Increasing blood-brain barrier permeability with Acoustic Cluster Therapy (ACT®) to enhance drug delivery in the brain

Pile of pills, new drug development - Acoustic Cluster Therapy
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Despite the rising incidence of Central Nervous System diseases worldwide, efficient treatment options for neurological disorders remain scarce. Treatment failures are principally associated with the inability of drugs to pass the highly selective Blood-Brain Barrier rather than a lack of efficacy

A protective barrier

Blood vessels in the brain are surrounded by the Blood-Brain Barrier (BBB), which consists of endothelial cells connected via tight junctions forming an effective physical barrier, along with pericytes and astrocytes supporting the maintenance of the brain microvasculature. This labyrinthine structure protects and maintains a stable environment in the brain and controls substances that can enter or leave the nervous system, including drugs.

More than 98% of all molecules with a molecular weight above 400 Da do not get through the barrier [1], except selective molecules, namely glucose, that are transported via membrane transporters using carrier mediated or receptor mediated pathways. Due to its restrictive nature, the BBB is the main obstacle preventing drugs, such as chemotherapies, immunotherapies, antibodies, and gene therapies from reaching therapeutic targets, limiting the efficacy and success of various Central Nervous System drugs.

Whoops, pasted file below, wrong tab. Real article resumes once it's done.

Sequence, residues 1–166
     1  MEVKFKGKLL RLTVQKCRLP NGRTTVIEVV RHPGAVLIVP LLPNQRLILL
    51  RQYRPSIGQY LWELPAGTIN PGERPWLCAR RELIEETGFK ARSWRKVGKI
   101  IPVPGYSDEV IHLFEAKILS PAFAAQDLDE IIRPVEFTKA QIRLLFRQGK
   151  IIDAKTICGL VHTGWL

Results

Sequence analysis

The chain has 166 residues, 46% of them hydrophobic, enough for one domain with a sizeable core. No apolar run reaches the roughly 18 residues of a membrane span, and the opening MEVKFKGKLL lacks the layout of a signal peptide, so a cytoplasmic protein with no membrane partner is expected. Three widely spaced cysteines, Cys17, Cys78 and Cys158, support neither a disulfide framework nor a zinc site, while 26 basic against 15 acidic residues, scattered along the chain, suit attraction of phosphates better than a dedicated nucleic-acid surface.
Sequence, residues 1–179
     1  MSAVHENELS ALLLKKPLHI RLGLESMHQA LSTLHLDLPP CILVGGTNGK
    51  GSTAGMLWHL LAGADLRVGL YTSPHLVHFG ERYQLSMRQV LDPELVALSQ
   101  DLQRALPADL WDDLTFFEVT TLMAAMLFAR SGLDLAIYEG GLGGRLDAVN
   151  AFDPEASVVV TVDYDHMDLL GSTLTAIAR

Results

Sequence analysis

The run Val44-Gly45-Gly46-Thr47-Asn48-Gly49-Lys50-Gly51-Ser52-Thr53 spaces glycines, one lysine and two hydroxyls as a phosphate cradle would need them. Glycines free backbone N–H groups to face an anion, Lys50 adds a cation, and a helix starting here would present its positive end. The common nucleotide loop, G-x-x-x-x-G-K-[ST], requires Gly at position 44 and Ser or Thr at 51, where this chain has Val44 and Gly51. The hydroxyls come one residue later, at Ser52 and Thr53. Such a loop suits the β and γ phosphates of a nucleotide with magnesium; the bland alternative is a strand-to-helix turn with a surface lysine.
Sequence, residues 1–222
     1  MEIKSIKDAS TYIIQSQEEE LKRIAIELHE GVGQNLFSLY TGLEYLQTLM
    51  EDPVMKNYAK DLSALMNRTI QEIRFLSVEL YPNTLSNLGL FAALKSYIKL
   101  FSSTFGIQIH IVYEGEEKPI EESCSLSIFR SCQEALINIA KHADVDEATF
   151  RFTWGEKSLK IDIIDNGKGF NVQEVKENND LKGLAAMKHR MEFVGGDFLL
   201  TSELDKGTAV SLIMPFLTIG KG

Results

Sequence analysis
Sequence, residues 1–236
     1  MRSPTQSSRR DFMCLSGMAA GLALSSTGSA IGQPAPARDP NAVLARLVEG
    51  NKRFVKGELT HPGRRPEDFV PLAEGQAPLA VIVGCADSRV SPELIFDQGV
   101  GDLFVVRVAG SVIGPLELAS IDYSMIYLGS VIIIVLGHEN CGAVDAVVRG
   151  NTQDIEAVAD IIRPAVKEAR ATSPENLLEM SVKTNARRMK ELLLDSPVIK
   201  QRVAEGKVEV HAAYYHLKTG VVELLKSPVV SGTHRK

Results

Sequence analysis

Acoustic Cluster Therapy
Figure 1: An illustration of the BBB and ACT® induced enhanced accumulation of co-injected drugs in the brain parenchyma. Image created with

Enhancing drug transport across the BBB

Different methods such as chemical, biological, and physical stimuli have been tested to disrupt the BBB and enhance drug penetration transiently.

Researchers around the globe have shown preclinically and in clinical studies that the permeability of the BBB can be non-invasively increased by applying low-intensity ultrasound in combination with intravenous administration of microbubbles [2]. This emerging ultrasound-mediated BBB opening technique is greatly appealing as it is easily accessible, safe, and highly localized.

Most commonly used microbubbles are regular ultrasound contrast agents primarily designed and optimized for diagnostic purposes. These diagnostic microbubbles are small in size (1–3 μm in diameter) and free flowing in the vasculature, having only limited contact with the vessel wall and making them less efficient for therapeutic use.

New microbubbles for therapies

EXACT Therapeutics AS is providing a unique solution for targeted therapeutic enhancement. In an article in Open Access Government from July 2022 [3], we introduced our novel ultrasound and microbubble platform called Acoustic Cluster Therapy (ACT®), currently in Phase I Clinical Trial to investigate safety and tolerability (NCT04021277). Our ACT® bubbles address the shortcomings of current commercial microbubbles.